Green things are appearing here and there about the estate. Except for the crocuses–or is it croci, plural, you know–most of these items are a mystery to me. No, I lied; I recognize the snowdrops too. Pity they had to bring snow along as well. This green outburst is certainly welcome, after I spent time last fall poking bulbs into the ground at various and sundry locations. The next step will be to find the wrappers that the bulbs came in so that I have some inkling as to what these chartreuse cuties might be. It is a comfort to know that at least the squirrels and other hungry rodents did not get to serve them all up as appetizers at the big winter pig-out before hibernation. There certainly were trilliums involved, red and white( the Ohio state wild flower, Trillium grandiflorum). Dutchman’s Britches are out there somewhere and so is something called Butterfly Weed. Might even be some anemones. I’ve been looking for the battered Jack-in-the-pulpit population…they got moved and mulched and generally subjected to stresses that shy little woodland types don’t do well at. Hope that at least some will turn up in a few quiet spots. The bloodroot and hepatica or liverwort (so named because the leaves are three-lobed, like your liver) have not yet shown their faces but the ferns are starting to stir themselves; the ones which hung tough all winter are looking even greener and the ones that went under cover are sending up knobby scouts to check out the status of temperature and daylight. I’m hoping that the spring beauties return; they were plentiful in the front yard but the front yard underwent a major transformation, with dirt being shoved hither and yon, grass seed being introduced ( “How do you do. I’m here to beautify as much of this clay wasteland as possible”) and new shapes and shades appeared from one end to the other. The weeping white spruce is starting to straighten up so that it doesn’t look so much like The Hunchback of Notre Dame and it has acquired a young cousin out in the back, replacing the blue spruce that was here just to give the place some class during the Christmas Walk.
The cherry laurel at the corner of the porch has gone to the Big Woodpile In The Sky, to be replaced by something else–birch? locust? dogwood?– that does not have little, black, juicy, POISIONOUS fruits that don’t match the colors of the carpet that they get tracked in on. All of the horticultural descriptions mention that the tree is fast-growing, easy to grow, etc., etc.; nobody pays attention to carpet. I have carpet. The fruits did not appear until the tree was mature. It looked good, shaded the corner of the porch, had nice fall color…all good…then, presto, there was fruit…messy! Someone is going to have to make it clear to the next specimen to adorn that spot that mess from outside will not be tolerated; I have plenty of mess inside already.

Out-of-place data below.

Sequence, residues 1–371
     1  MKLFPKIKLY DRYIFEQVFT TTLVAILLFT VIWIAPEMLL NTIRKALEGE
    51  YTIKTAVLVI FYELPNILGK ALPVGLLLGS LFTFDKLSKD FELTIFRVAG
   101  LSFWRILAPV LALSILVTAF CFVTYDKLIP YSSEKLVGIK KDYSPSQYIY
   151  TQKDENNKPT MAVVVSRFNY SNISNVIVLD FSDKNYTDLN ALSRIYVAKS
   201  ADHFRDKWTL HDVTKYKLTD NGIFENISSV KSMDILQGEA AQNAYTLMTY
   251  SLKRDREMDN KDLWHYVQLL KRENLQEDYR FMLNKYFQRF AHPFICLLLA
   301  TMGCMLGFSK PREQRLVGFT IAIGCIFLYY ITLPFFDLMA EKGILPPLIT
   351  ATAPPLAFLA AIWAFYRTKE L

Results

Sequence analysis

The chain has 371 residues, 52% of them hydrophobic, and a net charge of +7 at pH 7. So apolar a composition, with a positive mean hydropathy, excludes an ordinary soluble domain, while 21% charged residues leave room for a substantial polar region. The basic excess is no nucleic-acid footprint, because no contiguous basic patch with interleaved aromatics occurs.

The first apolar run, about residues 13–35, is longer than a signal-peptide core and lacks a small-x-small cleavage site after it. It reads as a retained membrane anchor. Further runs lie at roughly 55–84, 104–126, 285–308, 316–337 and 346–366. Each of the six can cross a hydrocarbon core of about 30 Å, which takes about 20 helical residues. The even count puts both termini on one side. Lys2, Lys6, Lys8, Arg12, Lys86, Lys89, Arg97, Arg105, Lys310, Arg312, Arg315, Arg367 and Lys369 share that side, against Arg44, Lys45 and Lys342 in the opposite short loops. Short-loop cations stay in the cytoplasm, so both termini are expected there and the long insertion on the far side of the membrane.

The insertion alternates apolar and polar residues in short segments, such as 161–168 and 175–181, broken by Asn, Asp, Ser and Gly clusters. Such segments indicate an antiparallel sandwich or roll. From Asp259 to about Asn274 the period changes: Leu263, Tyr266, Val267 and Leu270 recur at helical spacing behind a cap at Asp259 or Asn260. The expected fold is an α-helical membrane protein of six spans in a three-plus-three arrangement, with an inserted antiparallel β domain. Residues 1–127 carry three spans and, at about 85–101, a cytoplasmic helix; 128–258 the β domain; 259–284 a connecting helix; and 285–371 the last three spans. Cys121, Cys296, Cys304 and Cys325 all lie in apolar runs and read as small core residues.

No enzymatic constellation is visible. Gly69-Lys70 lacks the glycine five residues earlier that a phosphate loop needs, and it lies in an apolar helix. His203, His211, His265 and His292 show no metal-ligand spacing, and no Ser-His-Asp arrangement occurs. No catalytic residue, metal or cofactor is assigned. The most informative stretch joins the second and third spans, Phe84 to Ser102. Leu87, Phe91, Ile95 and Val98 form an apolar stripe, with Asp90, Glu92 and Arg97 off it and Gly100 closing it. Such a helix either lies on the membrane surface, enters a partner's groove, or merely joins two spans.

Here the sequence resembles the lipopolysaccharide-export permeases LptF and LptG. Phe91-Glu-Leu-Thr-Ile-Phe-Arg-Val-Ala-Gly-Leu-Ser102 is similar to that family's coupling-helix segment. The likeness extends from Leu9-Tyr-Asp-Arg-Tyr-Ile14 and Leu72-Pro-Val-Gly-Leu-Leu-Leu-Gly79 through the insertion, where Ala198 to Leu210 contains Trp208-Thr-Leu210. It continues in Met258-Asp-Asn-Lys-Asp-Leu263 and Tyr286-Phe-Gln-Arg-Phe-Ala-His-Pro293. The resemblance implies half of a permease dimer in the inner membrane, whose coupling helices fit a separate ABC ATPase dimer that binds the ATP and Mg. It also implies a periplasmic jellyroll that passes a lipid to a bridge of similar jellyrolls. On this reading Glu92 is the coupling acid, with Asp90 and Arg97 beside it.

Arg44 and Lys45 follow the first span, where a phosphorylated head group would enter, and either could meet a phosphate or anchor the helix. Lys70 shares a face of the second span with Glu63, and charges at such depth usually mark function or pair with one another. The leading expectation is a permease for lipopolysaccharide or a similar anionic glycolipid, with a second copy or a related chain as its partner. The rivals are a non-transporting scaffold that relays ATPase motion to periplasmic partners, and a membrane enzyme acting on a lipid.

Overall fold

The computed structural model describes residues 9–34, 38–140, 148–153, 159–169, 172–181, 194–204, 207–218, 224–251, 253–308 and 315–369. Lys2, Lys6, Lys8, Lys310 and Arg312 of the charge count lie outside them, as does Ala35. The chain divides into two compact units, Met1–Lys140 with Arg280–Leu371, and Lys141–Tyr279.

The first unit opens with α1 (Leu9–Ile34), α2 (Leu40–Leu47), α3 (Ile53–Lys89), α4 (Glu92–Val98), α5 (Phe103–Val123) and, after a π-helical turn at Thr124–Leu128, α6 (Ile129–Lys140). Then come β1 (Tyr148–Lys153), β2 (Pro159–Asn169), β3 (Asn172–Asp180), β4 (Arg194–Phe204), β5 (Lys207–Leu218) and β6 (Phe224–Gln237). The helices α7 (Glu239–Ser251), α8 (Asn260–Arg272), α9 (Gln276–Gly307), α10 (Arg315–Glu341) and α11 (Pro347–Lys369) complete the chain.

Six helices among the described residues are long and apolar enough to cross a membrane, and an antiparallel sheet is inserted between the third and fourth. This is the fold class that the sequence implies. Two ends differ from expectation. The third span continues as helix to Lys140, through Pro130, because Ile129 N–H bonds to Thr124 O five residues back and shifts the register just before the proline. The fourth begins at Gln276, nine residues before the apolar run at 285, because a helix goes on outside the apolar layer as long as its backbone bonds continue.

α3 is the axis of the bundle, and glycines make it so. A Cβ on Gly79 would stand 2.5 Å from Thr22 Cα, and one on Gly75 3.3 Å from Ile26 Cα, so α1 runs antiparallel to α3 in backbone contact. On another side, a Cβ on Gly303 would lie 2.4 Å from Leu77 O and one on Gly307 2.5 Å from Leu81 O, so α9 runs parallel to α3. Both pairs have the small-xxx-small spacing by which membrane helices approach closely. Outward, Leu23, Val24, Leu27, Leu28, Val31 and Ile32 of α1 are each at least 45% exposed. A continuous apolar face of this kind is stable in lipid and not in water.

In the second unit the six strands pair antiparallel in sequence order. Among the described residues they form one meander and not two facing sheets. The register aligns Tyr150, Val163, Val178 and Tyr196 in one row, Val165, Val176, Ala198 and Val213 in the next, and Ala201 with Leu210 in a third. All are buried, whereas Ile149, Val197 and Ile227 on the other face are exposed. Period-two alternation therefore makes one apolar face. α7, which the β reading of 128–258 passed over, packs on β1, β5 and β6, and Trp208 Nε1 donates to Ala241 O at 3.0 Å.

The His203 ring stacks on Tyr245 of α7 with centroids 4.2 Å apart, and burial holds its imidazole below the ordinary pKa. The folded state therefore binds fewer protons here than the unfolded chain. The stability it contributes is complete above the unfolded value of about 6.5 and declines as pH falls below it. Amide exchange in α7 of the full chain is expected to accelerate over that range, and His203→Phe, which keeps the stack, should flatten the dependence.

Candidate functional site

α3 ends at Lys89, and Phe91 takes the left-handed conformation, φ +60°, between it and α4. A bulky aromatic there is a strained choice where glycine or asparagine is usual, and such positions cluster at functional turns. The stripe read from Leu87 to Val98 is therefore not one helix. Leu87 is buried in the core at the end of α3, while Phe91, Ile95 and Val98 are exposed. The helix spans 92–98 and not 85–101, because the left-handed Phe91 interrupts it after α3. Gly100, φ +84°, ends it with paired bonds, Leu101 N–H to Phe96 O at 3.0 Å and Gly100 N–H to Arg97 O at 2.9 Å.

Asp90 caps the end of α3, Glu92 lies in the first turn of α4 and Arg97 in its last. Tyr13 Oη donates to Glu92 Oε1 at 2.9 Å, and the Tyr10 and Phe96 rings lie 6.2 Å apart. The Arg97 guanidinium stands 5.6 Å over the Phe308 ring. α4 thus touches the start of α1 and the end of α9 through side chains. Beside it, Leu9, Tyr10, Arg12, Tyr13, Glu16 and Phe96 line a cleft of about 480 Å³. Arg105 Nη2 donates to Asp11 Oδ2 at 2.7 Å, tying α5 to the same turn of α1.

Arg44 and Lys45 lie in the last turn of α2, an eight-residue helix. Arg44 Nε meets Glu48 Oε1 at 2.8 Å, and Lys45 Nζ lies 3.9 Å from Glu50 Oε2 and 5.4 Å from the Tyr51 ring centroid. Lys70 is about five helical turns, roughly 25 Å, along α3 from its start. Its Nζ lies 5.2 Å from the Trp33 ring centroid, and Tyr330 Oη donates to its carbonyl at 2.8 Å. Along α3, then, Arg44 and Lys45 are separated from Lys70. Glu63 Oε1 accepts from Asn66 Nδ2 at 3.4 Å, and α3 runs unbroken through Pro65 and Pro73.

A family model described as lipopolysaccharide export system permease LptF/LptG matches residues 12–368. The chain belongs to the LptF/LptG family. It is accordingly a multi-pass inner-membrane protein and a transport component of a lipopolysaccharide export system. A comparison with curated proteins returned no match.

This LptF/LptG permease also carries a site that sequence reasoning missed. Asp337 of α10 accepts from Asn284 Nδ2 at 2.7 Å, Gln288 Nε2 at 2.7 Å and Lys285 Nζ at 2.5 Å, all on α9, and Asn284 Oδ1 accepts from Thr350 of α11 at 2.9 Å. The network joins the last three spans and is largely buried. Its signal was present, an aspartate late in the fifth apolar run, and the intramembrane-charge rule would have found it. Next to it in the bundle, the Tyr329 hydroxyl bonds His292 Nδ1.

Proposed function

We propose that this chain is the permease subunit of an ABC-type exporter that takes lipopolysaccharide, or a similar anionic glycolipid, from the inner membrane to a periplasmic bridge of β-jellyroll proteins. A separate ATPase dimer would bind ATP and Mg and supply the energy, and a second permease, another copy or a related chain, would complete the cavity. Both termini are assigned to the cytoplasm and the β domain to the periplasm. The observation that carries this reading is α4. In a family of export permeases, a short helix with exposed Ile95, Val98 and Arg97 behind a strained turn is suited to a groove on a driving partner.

And besides checking out the situation outside, I took a look–actually, it was more of a sniff–at the inside, the inside of the oven. I was forced to do so when preheating the oven and opening the door to put proposed baked goods inside resulted in having the smoke alarm go off, startling me and the cats until the exhaust fan could “suck it up and blow it out”. The short-term solution is to fan the fumes away from the device but that’s not for the long haul. Blue clouds rolled out–could have been black raspberry cobbler or cherry pie juice, with cheese and / or pizza leaks a distinct possibility–and the whole house reeked of charred sugar for quite a while. So…something had to be done before the GFNVFD showed up at my doorstep with hoses at the ready.
But that’s all in the past. We got “down and dirty” and cleaned the oven
The self-cleaning function is kind of a misnomer; the instruction booklet says to wipe up spills as they occur. If I were going to clean the thing on a regular basis, why would I buy a appliance that purported to do the job itself? So, anyway, I wiped out the crunchy stuff, vacuumed the crumbs, set the timer, locked the door…and away it went. Smelled funny but not awful. Took two hours to clean, one hour to cool down. If I’d had the presence of mind to think ahead about the process, it would have been a fine opportunity to set some yeast rolls on top to rise; the top got pretty warm. Maybe next time…assuming there IS a next time. Cleaning is not something that I rush into, willy-nilly. These things require thoughtful contemplation…planning…procrastination. Either that or my mother plans a visit.